For over 20 years, Stephanie Brooks has excelled as a services marketing professional working in a variety of fields and industries. Over the course of her career, she has worked in health care services, hospitality services, air travel and car rental services, financial services and beyond. Additionally, Stephanie Brooks has been working in digital marketing for the past 12 years with a focus on blogs, websites, and social media.
A sub-field of marketing, services marketing deals with the marketing and sales of services rather than goods. Typically, this can include both business to consumer (B2C) services as well as business to business (B2B).
As defined by the American Marketing Association, services are “activities, benefits, and satisfactions which are offered for sale or are provided in connection with the sale of goods”.
For Stephanie Brooks and many other professionals in the marketing field, services marketing can be much more challenging than product marketing for a number of reasons. Services marketing is unique from product marketing in a number of ways, including:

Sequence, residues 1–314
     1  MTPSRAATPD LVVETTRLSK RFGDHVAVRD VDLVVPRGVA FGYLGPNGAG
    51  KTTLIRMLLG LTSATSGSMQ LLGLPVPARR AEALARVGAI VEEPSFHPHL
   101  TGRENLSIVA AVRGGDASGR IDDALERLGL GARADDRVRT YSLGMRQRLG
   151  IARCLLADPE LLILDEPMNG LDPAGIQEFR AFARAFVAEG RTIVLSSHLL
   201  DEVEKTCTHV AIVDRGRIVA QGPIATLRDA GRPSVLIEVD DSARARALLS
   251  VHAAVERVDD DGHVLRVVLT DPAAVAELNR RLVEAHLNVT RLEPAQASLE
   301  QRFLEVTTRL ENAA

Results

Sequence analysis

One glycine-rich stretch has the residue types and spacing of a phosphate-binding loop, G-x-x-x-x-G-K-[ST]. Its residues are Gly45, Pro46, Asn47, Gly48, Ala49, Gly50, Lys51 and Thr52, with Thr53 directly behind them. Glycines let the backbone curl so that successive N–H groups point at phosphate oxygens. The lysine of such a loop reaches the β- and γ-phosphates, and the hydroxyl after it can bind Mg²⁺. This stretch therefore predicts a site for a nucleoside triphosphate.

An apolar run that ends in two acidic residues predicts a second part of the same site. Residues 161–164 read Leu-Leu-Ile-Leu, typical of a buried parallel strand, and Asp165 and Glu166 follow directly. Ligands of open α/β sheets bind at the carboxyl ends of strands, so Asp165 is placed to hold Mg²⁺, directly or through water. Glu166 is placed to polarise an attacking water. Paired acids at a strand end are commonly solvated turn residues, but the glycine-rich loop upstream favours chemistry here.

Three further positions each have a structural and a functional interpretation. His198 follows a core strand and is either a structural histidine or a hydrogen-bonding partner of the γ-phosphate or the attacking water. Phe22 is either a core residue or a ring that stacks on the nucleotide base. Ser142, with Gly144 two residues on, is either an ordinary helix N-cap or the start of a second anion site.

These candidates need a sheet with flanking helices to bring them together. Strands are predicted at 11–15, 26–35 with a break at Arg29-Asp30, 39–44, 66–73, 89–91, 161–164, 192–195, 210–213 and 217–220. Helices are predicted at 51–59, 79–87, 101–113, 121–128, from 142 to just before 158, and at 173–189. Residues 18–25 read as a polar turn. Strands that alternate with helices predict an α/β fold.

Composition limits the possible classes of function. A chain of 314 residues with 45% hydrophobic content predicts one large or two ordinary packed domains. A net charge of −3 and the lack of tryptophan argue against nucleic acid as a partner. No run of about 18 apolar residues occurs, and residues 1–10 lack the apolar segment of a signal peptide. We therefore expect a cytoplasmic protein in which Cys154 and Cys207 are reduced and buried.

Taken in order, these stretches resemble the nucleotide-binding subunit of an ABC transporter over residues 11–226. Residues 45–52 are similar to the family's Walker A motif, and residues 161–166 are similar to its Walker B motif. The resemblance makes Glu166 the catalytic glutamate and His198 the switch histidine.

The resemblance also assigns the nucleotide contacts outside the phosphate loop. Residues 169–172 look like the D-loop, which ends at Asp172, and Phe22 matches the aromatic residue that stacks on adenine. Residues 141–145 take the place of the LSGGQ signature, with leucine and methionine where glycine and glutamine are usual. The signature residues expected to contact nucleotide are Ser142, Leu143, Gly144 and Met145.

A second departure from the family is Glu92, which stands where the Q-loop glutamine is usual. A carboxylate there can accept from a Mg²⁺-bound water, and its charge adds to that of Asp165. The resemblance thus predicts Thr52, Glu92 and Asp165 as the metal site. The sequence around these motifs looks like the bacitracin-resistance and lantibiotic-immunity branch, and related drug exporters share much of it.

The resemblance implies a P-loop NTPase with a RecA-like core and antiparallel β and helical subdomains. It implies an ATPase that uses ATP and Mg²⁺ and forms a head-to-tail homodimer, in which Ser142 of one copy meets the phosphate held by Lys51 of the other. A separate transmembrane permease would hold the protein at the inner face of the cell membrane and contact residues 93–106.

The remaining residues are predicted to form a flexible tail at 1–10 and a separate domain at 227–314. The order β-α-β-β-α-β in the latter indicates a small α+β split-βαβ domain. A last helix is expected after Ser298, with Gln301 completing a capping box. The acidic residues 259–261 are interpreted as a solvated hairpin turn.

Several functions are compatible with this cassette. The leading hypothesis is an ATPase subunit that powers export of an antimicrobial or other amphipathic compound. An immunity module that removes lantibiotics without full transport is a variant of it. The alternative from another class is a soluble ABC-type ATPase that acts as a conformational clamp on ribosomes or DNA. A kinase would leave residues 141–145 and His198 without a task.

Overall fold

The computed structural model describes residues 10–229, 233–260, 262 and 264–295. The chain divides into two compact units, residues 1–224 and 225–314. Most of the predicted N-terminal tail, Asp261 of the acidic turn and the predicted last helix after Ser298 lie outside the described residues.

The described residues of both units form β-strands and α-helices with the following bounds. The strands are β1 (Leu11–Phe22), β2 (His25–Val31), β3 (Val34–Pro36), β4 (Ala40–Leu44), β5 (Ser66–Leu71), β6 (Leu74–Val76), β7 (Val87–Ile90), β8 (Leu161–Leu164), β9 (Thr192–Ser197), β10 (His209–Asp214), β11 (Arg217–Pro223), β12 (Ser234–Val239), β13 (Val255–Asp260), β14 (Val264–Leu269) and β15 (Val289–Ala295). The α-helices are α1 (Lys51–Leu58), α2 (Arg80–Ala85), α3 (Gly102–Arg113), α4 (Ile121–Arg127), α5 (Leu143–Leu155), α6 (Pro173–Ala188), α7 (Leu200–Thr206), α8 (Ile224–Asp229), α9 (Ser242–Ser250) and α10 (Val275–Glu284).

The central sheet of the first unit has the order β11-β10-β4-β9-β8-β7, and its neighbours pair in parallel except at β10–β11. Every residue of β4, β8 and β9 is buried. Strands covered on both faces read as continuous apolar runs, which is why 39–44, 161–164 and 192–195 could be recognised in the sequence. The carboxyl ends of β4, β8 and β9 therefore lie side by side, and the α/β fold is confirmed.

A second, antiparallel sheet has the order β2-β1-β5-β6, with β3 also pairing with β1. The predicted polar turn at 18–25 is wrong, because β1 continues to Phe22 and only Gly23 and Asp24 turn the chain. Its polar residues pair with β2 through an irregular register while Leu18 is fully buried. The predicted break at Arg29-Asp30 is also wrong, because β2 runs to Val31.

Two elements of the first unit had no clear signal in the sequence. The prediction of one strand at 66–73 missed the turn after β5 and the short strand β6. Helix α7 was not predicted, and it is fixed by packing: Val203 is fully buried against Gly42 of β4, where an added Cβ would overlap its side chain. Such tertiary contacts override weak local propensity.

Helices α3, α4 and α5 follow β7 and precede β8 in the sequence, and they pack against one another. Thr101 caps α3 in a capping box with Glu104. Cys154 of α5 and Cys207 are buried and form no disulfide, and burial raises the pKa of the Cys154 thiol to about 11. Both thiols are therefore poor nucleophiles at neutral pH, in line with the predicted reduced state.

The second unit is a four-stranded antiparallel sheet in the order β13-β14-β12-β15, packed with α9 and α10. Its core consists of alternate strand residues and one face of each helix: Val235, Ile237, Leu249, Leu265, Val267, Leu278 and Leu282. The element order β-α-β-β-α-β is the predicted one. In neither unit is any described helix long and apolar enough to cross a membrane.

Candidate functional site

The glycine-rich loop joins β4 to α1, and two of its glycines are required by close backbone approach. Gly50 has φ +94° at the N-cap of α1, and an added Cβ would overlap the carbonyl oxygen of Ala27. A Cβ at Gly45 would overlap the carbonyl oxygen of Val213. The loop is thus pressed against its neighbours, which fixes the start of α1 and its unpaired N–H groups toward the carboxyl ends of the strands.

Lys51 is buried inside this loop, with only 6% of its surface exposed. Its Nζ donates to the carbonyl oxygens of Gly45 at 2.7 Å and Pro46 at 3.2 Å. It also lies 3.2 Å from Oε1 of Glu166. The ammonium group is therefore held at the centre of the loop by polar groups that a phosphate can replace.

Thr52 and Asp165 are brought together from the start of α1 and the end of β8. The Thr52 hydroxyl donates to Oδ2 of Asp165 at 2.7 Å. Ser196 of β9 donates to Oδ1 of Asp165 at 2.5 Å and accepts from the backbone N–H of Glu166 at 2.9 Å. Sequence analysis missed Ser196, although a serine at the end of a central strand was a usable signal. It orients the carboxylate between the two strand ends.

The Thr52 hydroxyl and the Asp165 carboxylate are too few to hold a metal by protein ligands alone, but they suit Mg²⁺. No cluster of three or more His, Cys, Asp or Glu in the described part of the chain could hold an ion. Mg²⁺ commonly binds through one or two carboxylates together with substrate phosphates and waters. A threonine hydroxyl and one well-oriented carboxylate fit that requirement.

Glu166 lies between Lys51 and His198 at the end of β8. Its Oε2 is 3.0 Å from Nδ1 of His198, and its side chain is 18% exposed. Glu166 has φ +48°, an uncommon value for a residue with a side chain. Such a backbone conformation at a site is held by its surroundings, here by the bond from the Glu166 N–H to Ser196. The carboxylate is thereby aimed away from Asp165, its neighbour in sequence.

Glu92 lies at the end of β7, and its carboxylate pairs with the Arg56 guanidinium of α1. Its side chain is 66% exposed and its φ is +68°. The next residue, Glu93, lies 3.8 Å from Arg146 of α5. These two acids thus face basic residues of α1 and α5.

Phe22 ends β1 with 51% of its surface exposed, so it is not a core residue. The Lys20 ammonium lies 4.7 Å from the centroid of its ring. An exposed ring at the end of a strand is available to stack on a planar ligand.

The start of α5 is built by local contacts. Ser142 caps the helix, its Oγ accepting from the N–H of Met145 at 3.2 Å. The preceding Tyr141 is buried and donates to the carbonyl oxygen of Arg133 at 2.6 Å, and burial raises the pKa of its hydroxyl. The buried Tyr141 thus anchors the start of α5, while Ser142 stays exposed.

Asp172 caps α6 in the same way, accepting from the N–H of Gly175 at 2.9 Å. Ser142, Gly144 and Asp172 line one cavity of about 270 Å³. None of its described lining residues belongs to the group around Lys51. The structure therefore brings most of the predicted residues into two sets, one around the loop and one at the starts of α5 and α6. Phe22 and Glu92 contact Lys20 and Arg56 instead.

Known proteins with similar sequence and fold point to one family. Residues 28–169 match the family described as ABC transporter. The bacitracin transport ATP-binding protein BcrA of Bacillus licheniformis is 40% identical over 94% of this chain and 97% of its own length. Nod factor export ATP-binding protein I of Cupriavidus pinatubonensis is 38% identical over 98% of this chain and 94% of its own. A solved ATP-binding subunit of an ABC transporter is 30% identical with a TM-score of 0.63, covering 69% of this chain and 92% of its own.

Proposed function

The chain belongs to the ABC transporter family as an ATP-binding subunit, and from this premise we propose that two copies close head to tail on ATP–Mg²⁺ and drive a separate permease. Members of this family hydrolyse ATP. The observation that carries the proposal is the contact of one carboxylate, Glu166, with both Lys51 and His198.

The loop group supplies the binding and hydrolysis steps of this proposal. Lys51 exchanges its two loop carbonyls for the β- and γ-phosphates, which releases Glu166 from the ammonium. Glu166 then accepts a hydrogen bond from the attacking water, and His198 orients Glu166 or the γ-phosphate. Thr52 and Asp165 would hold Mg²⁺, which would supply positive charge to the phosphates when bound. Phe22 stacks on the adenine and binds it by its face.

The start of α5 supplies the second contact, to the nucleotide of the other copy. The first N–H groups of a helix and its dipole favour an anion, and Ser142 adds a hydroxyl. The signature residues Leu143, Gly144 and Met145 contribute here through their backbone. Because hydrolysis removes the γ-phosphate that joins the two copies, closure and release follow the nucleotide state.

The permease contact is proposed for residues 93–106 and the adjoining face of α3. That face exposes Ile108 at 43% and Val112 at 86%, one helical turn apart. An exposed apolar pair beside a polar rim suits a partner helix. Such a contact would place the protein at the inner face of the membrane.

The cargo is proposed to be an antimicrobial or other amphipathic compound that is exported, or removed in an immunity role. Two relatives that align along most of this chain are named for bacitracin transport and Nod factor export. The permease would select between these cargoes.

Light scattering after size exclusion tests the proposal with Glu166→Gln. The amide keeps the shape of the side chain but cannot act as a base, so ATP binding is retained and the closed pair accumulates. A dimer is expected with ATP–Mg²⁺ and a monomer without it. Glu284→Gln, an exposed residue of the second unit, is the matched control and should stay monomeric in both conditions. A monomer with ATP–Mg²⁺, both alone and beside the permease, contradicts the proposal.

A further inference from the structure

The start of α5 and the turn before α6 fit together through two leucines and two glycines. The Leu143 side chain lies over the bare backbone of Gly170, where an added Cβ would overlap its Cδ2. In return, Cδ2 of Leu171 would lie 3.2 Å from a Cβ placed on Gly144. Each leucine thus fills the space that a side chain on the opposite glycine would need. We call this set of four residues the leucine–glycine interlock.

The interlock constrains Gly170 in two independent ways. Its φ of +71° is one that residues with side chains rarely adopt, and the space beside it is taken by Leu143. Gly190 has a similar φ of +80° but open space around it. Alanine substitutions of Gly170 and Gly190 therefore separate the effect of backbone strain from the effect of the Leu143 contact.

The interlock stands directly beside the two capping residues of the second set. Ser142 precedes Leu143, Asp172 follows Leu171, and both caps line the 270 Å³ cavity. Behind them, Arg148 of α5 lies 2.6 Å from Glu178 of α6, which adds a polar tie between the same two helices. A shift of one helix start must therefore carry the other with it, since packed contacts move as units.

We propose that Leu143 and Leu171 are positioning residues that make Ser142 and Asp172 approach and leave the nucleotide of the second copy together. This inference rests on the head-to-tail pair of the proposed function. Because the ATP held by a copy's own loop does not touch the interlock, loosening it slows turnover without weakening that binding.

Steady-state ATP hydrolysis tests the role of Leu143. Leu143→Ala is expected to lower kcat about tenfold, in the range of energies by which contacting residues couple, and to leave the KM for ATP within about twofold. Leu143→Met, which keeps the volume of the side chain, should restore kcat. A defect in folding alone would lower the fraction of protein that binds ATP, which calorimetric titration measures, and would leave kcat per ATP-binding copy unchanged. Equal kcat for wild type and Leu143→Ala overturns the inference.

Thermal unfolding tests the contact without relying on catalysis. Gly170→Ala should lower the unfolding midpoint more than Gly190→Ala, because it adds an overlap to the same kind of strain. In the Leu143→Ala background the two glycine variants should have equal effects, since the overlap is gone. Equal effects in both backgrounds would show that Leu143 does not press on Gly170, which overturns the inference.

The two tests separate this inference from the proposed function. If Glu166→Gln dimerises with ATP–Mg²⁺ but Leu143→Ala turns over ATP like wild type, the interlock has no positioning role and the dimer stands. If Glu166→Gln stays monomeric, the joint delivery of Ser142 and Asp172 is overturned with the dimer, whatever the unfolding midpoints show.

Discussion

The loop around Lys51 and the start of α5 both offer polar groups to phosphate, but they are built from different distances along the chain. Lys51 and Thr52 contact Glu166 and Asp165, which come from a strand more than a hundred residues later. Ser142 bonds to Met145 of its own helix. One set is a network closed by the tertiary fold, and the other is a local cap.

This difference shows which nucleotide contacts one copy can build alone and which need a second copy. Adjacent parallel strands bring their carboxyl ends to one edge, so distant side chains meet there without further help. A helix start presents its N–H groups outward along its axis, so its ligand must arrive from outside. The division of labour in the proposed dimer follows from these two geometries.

Services are more of an experience than they are a physical product. A service is intangible and cannot be physically touched or inspected by an interested consumer. Without a physical existence, it can be more difficult to sell a service to a consumer rather than a product that can be seen, held, tasted, or even smelt. Intangibility also offers a unique challenge to Stephanie Brooks and other services marketers as they will often need to associate the service with tangible items or attributes to help the consumer better understand the service that is being offered.
Because a service is so experience based, most service offerings are unique and cannot be repeated in the exact same way for each customer. Even when the same service is offered by the same provider, no two experiences are exactly alike. On the other hand, products can be mass produced, so that consumers can be certain of the exact item they will be receiving each time they order it.
Unlike a physical product that can be stored, saved, or reused, a service can not be resold or returned after it has been used. If a consumer is left unsatisfied by a service, there is no way to “unexperience” the service and return it for something new. The only thing a consumer can do to avoid a repeat of a bad service, is to seek out a different service in the future.